Application of a STUDENT SUSPECTED OF HAVING A DISABILITY, by his parent, for review of a determination of a hearing officer relating to the provision of educational services by the New York Department of Education.
The Law Office of Natan Shmueli, attorneys for petitioner, by Galiah Harel, Esq.
Liz Vladeck, General Counsel, attorneys for respondent, by Cynthia Sheps, Esq.
This proceeding arises under the Individuals with Disabilities Education Act (IDEA) (20 U.S.C. §§ 1400-1482) and Article 89 of the New York State Education Law. Petitioner (the parent) appeals from the decision of an impartial hearing officer (IHO) which denied her request to be reimbursed for her son's tuition costs at the Big N Little: Ziv Hatorah Program (Ziv Hatorah) for the 2020-21 school year. The appeal must be dismissed.
II. Overview—Administrative Procedures
When a student in New York is eligible for special education services, the IDEA calls for the creation of an individualized education program (IEP), which is delegated to a local Committee on Special Education (CSE) that includes, but is not limited to, parents, teachers, a school psychologist, and a district representative (Educ. Law § 4402; see 20 U.S.C. § 1414[d][A]-[B]; 34 CFR 300.320, 300.321; 8 NYCRR 200.3, 200.4[d]). If disputes occur between parents and school districts, incorporated among the procedural protections is the opportunity to engage in mediation, present State complaints, and initiate an impartial due process hearing (20 U.S.C. §§ 1221e-3, 1415[e]-[f]; Educ. Law § 4404; 34 CFR 300.151-300.152, 300.506, 300.511; 8 NYCRR 200.5[h]-[l]).
New York State has implemented a two-tiered system of administrative review to address disputed matters between parents and school districts regarding "any matter relating to the identification, evaluation or educational placement of a student with a disability, or a student suspected of having a disability, or the provision of a free appropriate public education to such student" (8 NYCRR 200.5[i]; see 20 U.S.C. § 1415[b]-; 34 CFR 300.503[a]-, 300.507[a]). First, after an opportunity to engage in a resolution process, the parties appear at an impartial hearing conducted at the local level before an IHO (Educ. Law § 4404[a]; 8 NYCRR 200.5[j]). An IHO typically conducts a trial-type hearing regarding the matters in dispute in which the parties have the right to be accompanied and advised by counsel and certain other individuals with special knowledge or training; present evidence and confront, cross-examine, and compel the attendance of witnesses; prohibit the introduction of any evidence at the hearing that has not been disclosed five business days before the hearing; and obtain a verbatim record of the proceeding (20 U.S.C. § 1415[f][A], [h]-; 34 CFR 300.512[a]-; 8 NYCRR 200.5[j][v], [vii], [xii]). The IHO must render and transmit a final written decision in the matter to the parties not later than 45 days after the expiration period or adjusted period for the resolution process (34 CFR 300.510[b], [c], 300.515[a]; 8 NYCRR 200.5[j]). A party may seek a specific extension of time of the 45-day timeline, which the IHO may grant in accordance with State and federal regulations (34 CFR 300.515[c]; 8 NYCRR 200.5[j]). The decision of the IHO is binding upon both parties unless appealed (Educ. Law § 4404).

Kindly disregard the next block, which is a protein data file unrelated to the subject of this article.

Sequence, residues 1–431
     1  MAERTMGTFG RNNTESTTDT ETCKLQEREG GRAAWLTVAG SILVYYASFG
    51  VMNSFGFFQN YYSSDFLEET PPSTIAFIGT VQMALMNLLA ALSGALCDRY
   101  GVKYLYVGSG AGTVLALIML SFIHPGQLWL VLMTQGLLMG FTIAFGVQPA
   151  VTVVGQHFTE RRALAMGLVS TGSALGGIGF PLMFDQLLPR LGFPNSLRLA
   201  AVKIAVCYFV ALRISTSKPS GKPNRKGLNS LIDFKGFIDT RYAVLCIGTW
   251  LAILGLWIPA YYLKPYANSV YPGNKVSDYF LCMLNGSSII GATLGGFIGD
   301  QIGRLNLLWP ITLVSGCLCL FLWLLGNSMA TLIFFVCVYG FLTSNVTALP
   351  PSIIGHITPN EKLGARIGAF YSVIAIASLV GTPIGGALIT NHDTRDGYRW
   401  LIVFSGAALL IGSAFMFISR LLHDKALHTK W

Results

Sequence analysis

A party aggrieved by the decision of an IHO may subsequently appeal to a State Review Officer (SRO) (Educ. Law § 4404; see 20 U.S.C. § 1415[g]; 34 CFR 300.514[b]; 8 NYCRR 200.5[k]). The appealing party or parties must identify the findings, conclusions, and orders of the IHO with which they disagree and indicate the relief that they would like the SRO to grant (8 NYCRR 279.4). The opposing party is entitled to respond to an appeal or cross-appeal in an answer (8 NYCRR 279.5). The SRO conducts an impartial review of the IHO's findings, conclusions, and decision and is required to examine the entire hearing record; ensure that the procedures at the hearing were consistent with the requirements of due process; seek additional evidence if necessary; and render an independent decision based upon the hearing record (34 CFR 300.514[b]; 8 NYCRR 279.12[a]). The SRO must ensure that a final decision is reached in the review and that a copy of the decision is mailed to each of the parties not later than 30 days after the receipt of a request for a review, except that a party may seek a specific extension of time of the 30-day timeline, which the SRO may grant in accordance with State and federal regulations (34 CFR 300.515[b], [c]; 8 NYCRR 200.5[k]).
III. Facts and Procedural History
By report, the student's "developmental milestones were mixed," and caregiver reports indicated "that they had major concerns initially with [the student's] development when he began school" (Parent Ex. F at p. 8). Reportedly, the student struggled to communicate his wants and needs, struggled to display body awareness or social skills with peers using words, had difficulty speaking clearly, and lacked focus and age-appropriate language/communication skills (id.).
On August 27, 2020, the parent executed an enrollment contract with Ziv Hatorah for the student to attend Ziv Hatorah for the 2020-21 school year which, chronologically speaking, was the student's kindergarten school year (Parent Ex. B at pp. 1-3).
In a letter dated August 31, 2020, with a facsimile cover sheet bearing a September 16, 2020 date, the parent requested that the district evaluate the student and "place him in a full-time special education classroom" (Parent Ex. G at pp. 1-2). The parent indicated that the student's academic, social, and behavioral needs could "no longer be met in a general education classroom," and shared her intent to unilaterally place the student at Ziv Hatorah for the 2020-21 school year (id. at p. 2).